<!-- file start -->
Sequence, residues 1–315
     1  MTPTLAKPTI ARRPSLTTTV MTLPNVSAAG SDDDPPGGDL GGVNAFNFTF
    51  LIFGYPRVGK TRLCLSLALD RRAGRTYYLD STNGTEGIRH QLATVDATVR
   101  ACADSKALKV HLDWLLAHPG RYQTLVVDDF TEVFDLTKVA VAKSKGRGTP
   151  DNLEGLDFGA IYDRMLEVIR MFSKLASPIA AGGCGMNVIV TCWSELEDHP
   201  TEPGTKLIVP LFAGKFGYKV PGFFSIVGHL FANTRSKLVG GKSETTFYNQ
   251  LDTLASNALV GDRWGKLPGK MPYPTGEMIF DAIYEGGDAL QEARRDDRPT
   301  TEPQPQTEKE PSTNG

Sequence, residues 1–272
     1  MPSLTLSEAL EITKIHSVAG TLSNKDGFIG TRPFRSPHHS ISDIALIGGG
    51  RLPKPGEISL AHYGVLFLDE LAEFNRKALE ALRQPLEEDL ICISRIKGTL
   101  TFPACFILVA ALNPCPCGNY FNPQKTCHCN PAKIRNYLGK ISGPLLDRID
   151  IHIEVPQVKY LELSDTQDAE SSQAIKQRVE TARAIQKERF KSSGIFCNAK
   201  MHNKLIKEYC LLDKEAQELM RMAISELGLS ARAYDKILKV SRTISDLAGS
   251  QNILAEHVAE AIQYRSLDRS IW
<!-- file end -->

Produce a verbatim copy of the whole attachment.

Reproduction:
Sequence, residues 1–315
     1  MTPTLAKPTI ARRPSLTTTV MTLPNVSAAG SDDDPPGGDL GGVNAFNFTF
    51  LIFGYPRVGK TRLCLSLALD RRAGRTYYLD STNGTEGIRH QLATVDATVR
   101  ACADSKALKV HLDWLLAHPG RYQTLVVDDF TEVFDLTKVA VAKSKGRGTP
   151  DNLEGLDFGA IYDRMLEVIR MFSKLASPIA AGGCGMNVIV TCWSELEDHP
   201  TEPGTKLIVP LFAGKFGYKV PGFFSIVGHL FANTRSKLVG GKSETTFYNQ
   251  LDTLASNALV GDRWGKLPGK MPYPTGEMIF DAIYEGGDAL QEARRDDRPT
   301  TEPQPQTEKE PSTNG

Sequence, residues 1–272
     1  MPSLTLSEAL EITKIHSVAG TLSNKDGFIG TRPFRSPHHS ISDIALIGGG
    51  RLPKPGEISL AHYGVLFLDE LAEFNRKALE ALRQPLEEDL ICISRIKGTL
   101  TFPACFILVA ALNPCPCGNY FNPQKTCHCN PAKIRNYLGK ISGPLLDRID
   151  IHIEVPQVKY LELSDTQDAE SSQAIKQRVE TARAIQKERF KSSGIFCNAK
   201  MHNKLIKEYC LLDKEAQELM RMAISELGLS ARAYDKILKV SRTISDLAGS
   251  QNILAEHVAE AIQYRSLDRS IW